However, the mentioned numbers, that have so far never been published, “demonstrate that even with encryption turned on by default on all newer iPhones and some Android phones, it is posing a problem in a relatively small number of cases – while that same encryption is presumably preventing a wide range of crimes”, according to Kevin Bankston, the director of the New America.

 

INTERPOL suggests that governments share terrorists’ biometric data

11. November 2016

The IAPP just published an article saying that INTERPOL calls on governments around the world to share terrorists’ biometric data in order to increase global security.

This statement was issued by INTERPOL’s General Assembly saying that it currently possesses information about 9,000 terrorists. However, only 10 percent of these files include biometric information. INTERPOL’s Secretary General, Jürgen Stock, explaines that this can be seen as “a weak link” in the prevention of terrorism.

On one side, some countries – among these are multiple ASEAN countries – have taken big steps with regard to data sharing as they have recently agreed to share biometric data for the purposes of counter-terrorism. On the other side, many governments are still discussing how to handle biometric data domestically. So the sharing of data would be one step ahead.

However, governments worldwide becoming more and more interested in biometric security which might help to fight terrorism. The mentioned suggestion of INTERPOL might also increase this kind of cooperation.

 

“We need to have a wide discussion about data in Germany”

10. November 2016

Reuters online reported that Telefonica Deutschland’s chief executive, Thorsten Dirks, said in an interview “People are right to scrutinize any attempt to make money off their data. At the same time they are a handing over data voluntarily to companies such as Google and Facebook”. He concludes that there is a double standard among consumers.

At the moment Telefonica Deutschland holds anonymized data of 44 million mobile customers. These information could be used to track the movements of crowds and traffic, as well as “many other areas that we at the moment cannot think of”, according to Dirks.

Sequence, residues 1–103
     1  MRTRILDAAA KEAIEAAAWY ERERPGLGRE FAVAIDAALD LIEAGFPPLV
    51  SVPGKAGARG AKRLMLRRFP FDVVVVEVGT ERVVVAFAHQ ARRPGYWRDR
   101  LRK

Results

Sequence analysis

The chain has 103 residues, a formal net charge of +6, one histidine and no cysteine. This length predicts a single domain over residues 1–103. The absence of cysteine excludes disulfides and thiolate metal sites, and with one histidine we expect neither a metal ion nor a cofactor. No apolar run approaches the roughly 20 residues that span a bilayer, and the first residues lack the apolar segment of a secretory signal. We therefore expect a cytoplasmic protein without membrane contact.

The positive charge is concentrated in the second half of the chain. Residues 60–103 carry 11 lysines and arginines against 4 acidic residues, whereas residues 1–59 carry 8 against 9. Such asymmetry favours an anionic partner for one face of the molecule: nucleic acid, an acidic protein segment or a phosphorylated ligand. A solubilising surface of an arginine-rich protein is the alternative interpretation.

Dirks explained that Telefonica aims to be a platform for all devices connected to the internet and therefore processing all sorts of data gathered from sensors in cars, electronic devices and household apparel.

German Office for Information Security declares: sensitive data is very low protected on smartphones

9. November 2016

The German Office for Information Security (BSI) published a survey concerning the security of personal data on smartphones.

  • 20,7 % of smartphone users do not have any security measures implemented against unauthorized access.
  • However, 74,6 % of smartphone users store sensitive data on their mobile device. This data includes for example pictures, videos, contact inforamtion, passwords and health data.
  • Not even 46,3% of smartphone users have basic protection measures implemented, such as software updates.

Arne Schönbohm, chairman of the BSI, commented in the respective press release that although smartphones can be seen as a computers in your pocket, the necessary security measures have not yet been established on these as on your computer at home.

 

Category: German Law · Personal Data
Tags:

ICO announces that Facebook agrees to suspend disclosures of personal data from WhatsApp’s users

8. November 2016

After WhatsApp announced in August changes in its privacy policy, several EU DPAs announced monitoring activities in order to ensure the proper use of WhatsApp user’s data. One of these changes on the privacy policy, involved disclosure of personal data of WhatsApp users to Facebook in order to fight spam and improve both, WhatsApp and Facebook’s services.

The EU DPAs had requested WhatsApp not to carry out such disclosures until an adequate level of data protection could be ensured.